American Academy of Pediatrics calls for systemic changes to decrease climate change because children’s health is at stake

The American Academy of Pediatrics has called on pediatricians, the health sector and politicians to solve what it calls “the crisis of climate change” to protect children from its immediate and long-term health consequences, Ashley Welch reports for CBS News.

“There is nothing more important than protecting the health, welfare and future for our children and grandchildren,” Dr. Samantha Ahdoot, lead author of the statement and member of the AAP’s Council on Environmental Health Executive Committee, told CBS. “Climate change is about the world in which our children are living today and in which they will be raising their own families. Their future is at stake, yet they do not vote and they have no voice in the debate. We have a moral obligation to act on their behalf.”

The AAP’s policy statement breaks down the health consequences of climate change into direct and indirect effects.

Direct effects of climate change on children

Direct effects include those that result from extreme weather events, including severe storms, floods and wildfires that scientists say are occurring more frequently and on a larger scale because of climate change, the report says.

“Children’s unique needs place them at risk of injury, death, loss of or separation from caregivers and mental health consequences due to severe weather events,” Ahdoot told CBS News, who is also the assistant professor of pediatrics at Virginia Commonwealth School of Medicine.

For example, about 250,000 children were evacuated and relocated as a result of Hurricane Katrina, and more than 5,000 were separated from their families, with the last one reunited with their family six months after the storm, according to the report. This took “a toll on their academic performance, behavior and mental health,” Welch writes.

The report also notes that heat waves are lasting longer and are more severe, particularly putting infants and high school athletes at risk of heat-related illness and death. Annually, 9,237 cases related to heat are reported nationally in high school athletes, Welsh reports.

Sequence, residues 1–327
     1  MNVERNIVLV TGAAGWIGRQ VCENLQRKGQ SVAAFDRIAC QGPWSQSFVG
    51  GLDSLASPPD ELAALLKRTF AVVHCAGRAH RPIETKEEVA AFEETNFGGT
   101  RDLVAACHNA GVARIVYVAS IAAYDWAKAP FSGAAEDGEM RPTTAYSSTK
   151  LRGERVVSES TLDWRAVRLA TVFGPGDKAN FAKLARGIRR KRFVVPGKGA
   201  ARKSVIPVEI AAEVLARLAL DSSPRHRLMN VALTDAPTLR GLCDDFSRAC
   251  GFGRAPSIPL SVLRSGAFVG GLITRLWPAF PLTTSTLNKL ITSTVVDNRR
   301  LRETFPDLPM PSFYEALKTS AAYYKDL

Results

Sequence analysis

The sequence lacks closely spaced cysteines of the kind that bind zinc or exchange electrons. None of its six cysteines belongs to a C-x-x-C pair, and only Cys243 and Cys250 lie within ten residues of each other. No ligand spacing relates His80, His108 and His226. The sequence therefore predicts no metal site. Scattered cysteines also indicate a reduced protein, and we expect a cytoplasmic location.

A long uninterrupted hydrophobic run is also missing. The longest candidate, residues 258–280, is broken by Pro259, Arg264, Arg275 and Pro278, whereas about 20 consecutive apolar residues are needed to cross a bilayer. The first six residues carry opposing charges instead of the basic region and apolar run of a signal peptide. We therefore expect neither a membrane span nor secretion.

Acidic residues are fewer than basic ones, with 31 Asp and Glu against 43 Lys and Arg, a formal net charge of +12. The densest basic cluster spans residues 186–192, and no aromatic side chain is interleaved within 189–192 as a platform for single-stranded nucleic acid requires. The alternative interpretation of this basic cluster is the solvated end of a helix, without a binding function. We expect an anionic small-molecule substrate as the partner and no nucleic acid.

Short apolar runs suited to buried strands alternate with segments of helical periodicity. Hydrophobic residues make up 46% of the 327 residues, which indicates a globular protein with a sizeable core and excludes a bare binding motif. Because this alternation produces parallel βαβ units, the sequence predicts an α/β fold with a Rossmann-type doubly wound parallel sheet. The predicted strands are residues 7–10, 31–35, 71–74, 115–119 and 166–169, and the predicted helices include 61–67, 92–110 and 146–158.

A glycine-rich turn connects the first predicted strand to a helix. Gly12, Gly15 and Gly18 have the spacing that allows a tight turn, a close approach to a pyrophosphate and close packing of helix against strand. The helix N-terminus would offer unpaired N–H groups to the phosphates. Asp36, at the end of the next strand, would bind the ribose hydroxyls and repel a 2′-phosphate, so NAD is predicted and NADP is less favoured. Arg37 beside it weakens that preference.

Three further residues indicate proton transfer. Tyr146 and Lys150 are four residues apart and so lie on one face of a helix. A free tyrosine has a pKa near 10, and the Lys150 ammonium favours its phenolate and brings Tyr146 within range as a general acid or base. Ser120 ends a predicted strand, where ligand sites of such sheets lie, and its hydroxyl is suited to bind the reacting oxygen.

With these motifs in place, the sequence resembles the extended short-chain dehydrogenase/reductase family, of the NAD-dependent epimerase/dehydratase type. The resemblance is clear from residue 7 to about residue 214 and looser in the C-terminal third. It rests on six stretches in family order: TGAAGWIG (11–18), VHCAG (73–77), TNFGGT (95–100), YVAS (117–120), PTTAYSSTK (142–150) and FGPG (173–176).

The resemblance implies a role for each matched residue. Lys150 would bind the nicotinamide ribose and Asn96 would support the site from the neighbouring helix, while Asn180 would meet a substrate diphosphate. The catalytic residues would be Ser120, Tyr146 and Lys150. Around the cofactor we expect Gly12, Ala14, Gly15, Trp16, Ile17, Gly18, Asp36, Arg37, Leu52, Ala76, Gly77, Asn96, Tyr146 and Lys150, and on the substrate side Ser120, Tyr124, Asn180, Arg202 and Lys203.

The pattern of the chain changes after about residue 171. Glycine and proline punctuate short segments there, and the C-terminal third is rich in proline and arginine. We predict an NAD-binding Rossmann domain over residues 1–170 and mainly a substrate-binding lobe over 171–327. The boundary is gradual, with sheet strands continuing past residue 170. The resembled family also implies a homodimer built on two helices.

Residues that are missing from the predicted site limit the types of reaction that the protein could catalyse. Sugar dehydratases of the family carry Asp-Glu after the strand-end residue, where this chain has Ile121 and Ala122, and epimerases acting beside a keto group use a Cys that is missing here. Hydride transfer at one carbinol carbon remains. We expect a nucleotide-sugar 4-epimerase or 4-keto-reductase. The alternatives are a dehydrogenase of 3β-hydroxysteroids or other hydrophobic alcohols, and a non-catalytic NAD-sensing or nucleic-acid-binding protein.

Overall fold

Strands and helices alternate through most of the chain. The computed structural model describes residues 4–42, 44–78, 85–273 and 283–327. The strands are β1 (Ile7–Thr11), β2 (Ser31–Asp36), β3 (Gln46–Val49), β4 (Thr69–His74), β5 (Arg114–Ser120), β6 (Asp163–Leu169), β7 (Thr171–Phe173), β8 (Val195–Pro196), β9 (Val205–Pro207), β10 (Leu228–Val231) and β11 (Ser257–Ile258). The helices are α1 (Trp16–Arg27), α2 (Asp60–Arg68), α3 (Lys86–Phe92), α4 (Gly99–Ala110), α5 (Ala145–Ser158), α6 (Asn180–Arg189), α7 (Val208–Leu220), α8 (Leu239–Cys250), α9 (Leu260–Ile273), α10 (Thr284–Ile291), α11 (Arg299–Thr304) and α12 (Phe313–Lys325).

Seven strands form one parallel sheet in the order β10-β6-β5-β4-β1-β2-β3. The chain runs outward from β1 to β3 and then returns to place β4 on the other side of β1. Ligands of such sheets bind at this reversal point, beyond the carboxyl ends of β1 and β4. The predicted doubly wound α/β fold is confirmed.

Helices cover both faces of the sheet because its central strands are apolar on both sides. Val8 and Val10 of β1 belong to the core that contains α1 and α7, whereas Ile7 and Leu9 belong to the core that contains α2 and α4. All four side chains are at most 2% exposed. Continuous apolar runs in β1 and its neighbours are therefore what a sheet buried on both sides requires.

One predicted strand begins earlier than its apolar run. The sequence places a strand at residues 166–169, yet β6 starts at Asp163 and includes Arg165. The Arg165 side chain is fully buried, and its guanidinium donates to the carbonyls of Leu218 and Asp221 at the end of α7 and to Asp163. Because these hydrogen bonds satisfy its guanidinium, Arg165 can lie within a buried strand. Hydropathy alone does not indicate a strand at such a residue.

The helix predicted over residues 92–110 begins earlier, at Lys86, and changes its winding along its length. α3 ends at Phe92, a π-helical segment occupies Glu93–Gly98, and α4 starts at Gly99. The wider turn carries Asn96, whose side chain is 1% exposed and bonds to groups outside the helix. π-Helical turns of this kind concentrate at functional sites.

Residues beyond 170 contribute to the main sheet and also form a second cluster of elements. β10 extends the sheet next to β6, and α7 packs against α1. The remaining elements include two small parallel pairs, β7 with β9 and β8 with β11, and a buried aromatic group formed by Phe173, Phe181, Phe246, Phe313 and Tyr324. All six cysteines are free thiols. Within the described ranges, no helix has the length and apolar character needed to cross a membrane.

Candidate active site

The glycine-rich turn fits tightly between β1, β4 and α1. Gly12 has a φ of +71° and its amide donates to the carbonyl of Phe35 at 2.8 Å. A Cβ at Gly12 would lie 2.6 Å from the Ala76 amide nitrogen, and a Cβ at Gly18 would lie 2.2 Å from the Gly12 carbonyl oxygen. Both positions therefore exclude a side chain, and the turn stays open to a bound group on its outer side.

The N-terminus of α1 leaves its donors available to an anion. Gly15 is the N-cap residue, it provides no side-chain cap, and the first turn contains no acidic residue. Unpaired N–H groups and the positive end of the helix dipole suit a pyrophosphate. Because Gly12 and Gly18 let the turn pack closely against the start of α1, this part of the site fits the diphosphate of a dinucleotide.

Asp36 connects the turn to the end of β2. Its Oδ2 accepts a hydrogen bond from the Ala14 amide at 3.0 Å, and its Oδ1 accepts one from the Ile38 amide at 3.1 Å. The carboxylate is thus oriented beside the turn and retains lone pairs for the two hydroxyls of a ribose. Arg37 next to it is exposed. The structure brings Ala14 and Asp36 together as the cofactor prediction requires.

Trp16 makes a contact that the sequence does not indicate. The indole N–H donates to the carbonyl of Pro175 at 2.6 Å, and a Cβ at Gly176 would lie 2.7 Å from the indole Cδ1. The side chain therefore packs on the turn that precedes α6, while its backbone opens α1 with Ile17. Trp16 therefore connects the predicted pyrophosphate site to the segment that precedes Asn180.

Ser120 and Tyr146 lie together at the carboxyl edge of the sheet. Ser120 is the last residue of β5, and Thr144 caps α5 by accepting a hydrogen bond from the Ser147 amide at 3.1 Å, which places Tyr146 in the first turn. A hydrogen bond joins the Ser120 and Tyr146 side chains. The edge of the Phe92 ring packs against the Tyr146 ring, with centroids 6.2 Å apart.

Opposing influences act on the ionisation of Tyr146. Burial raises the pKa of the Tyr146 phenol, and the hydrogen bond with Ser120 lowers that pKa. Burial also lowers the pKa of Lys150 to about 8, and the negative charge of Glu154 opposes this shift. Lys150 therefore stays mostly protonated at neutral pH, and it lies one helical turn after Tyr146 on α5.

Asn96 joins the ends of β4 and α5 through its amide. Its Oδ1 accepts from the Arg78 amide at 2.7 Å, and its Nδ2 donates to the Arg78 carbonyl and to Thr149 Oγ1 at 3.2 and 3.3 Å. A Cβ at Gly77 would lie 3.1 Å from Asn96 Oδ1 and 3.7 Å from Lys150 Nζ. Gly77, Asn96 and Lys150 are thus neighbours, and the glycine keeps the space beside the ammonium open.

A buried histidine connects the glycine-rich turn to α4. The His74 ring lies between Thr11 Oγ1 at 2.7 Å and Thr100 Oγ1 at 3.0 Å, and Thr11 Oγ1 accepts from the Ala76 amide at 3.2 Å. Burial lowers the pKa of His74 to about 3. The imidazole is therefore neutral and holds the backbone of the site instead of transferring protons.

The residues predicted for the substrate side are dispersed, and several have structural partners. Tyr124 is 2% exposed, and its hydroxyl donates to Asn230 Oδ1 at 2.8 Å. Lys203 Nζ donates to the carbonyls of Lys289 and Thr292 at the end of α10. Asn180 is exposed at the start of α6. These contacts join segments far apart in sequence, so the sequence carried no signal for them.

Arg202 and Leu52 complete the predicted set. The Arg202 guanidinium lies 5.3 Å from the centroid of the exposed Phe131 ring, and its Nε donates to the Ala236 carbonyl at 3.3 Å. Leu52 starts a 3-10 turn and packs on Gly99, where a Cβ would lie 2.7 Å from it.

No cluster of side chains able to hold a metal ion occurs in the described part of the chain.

Indirect effects of climate change on children

Indirect health concerns include respiratory diseases; lengthened allergy seasons; smoke from wildfires; and infectious diseases like malaria, dengue fever, West Nile virus and others that could
see more favorable conditions in a warmer climate. Increased transmissions risk of Lyme disease in the northeastern U.S. has been linked to climate warming in that area, says the report.

Climate change also alters agricultural conditions, which affects food availability and cost, further threatening the nutrition needs of children around the world, says the report. Added to that, the nutritional value of foods is changing because of increased carbon dioxide in the atmosphere, says the report.

“The report emphasized that children in the world’s poorest countries, where health burdens due to disease and malnutrition are already disproportionately high, are most affected by climate change,” Welsh writes.

The authors also note that climate change can cause population displacement and communities to fail, and thus will contribute to global instability and a potential increase in violent conflict.

Call to action

Based on “well-established evidence” that human-generated greenhouse gas emissions are the cause of climate change, the American Academy of Pediatrics calls for pediatricians, the health sector and governments to take action to address these issues, hoping that a universal concern about the health effects of climate change on children will drive this action.

“Failure to take prompt, substantive action, given our current knowledge, would be an act of injustice to all children,” says the report.

AAP calls for the promotion of “energy efficiency and renewable energy production, surveillance and research on climate-associated health conditions, public awareness and education campaigns and funding for public transit and urban planning that supports open space, walkability and green building design,” Welsh writes.

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